An in-depth exploration of the flight of young Jewish women from their Orthodox homes during the late nineteenth and early twentieth centuries
The Rebellion of the Daughters investigates the flight of young Jewish women from their Orthodox, mostly Hasidic, homes in Western Galicia (now Poland) in the late nineteenth and early twentieth centuries. In extreme cases, hundreds of these women sought refuge in a Kraków convent, where many converted to Catholicism. Those who stayed home often remained Jewish in name only.
Relying on a wealth of archival documents, including court testimonies, letters, diaries, and press reports, Rachel Manekin reconstructs the stories of three Jewish women runaways and reveals their struggles and innermost convictions. Unlike Orthodox Jewish boys, who attended traditional schools where only Jewish subjects were taught (“cheders”), Orthodox Jewish girls were sent to Polish primary schools. When the time came for them to marry, many young women rebelled against the marriages arranged by their parents, with some wishing to pursue secondary and university education. After World War I, the crisis of the rebellious daughters in Kraków spurred the introduction of formal religious education for young Orthodox Jewish women in Poland, which later developed into a worldwide educational movement. Manekin chronicles the belated Orthodox response and argues that these educational innovations not only kept Orthodox Jewish women within the fold but also foreclosed their opportunities for higher education.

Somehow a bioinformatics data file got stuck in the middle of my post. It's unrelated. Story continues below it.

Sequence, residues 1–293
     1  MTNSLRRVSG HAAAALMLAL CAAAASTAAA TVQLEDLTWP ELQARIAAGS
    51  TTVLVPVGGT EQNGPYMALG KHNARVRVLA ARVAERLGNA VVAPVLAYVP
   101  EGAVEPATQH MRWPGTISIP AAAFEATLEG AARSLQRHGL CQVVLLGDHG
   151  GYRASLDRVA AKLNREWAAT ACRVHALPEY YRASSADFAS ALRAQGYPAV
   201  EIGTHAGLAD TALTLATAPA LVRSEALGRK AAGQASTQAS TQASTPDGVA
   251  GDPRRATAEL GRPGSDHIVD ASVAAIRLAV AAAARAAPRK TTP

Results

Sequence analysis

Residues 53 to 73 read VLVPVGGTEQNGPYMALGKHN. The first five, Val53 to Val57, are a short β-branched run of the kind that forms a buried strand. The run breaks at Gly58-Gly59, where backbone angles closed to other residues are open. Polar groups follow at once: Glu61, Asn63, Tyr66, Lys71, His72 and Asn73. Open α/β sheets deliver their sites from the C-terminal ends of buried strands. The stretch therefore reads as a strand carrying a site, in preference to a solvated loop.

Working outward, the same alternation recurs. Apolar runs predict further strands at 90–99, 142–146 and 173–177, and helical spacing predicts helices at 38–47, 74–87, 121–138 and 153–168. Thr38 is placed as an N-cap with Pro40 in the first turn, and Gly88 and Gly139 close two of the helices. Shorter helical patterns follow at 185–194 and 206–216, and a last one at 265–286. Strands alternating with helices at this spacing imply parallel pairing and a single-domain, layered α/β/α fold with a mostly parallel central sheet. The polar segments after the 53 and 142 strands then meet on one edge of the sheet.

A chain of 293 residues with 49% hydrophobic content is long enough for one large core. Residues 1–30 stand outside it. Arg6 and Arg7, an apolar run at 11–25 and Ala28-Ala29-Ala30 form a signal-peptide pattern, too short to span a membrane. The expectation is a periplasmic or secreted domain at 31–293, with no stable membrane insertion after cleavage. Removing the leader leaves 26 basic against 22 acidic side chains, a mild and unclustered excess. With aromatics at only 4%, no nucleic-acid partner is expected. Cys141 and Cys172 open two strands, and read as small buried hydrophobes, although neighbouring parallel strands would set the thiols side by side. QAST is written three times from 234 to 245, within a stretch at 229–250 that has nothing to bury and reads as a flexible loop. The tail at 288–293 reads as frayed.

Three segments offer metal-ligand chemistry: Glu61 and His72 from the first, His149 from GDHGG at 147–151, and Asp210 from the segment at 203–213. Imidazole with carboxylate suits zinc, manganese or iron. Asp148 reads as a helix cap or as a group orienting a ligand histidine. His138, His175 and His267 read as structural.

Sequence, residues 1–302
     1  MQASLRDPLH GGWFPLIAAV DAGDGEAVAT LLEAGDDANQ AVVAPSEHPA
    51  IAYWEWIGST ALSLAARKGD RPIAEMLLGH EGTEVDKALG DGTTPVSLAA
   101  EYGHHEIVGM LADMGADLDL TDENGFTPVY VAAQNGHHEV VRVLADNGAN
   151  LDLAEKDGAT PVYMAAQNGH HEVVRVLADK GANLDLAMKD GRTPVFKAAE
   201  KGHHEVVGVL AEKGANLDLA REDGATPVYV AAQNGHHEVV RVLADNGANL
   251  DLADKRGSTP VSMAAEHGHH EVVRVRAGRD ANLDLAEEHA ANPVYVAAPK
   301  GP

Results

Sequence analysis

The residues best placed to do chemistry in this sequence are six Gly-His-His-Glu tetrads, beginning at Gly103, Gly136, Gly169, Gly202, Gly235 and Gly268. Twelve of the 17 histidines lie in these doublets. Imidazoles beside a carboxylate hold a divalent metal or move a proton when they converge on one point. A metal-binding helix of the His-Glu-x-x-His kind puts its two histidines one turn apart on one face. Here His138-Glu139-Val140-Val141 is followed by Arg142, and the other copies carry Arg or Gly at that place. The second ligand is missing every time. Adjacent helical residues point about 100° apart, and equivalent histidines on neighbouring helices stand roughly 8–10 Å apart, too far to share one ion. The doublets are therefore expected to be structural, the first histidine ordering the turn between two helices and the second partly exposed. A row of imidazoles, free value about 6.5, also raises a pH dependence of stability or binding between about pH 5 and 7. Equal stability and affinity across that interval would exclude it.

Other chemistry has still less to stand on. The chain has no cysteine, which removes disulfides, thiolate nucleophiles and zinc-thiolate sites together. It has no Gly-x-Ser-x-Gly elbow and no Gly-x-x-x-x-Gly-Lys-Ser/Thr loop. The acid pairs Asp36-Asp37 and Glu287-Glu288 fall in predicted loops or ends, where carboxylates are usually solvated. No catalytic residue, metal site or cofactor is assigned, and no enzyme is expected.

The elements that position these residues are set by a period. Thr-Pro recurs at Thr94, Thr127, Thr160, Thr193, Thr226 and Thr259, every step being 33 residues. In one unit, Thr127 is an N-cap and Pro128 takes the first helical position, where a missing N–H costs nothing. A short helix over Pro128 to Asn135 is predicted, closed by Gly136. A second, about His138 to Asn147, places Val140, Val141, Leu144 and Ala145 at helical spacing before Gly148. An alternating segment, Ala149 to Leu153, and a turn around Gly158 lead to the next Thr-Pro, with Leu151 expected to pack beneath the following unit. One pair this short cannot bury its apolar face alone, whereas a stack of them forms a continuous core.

Exploring the estrangement of young Jewish women from traditional Judaism in Habsburg Galicia at the turn of the twentieth century, The Rebellion of the Daughters brings to light a forgotten yet significant episode in Eastern European history.
Rachel Manekin is associate professor of Jewish studies at the University of Maryland. She is the author of
The Jews of Galicia and the Austrian Constitution: The Beginning of Modern Jewish Politics.
"Well-researched and compelling,
The Rebellion of the Daughters is one of the few books to elucidate the lives of Jewish women in Galicia and contributes to our understanding of the relationship among Jews, the state, and the Catholic church."
—ChaeRan Freeze, Brandeis University
"Using an impressive range of primary sources, The Rebellion of the Daughters fills an important gap in the scholarship on Eastern European Jewry."—Elissa Bemporad, Queens College and CUNY Graduate Center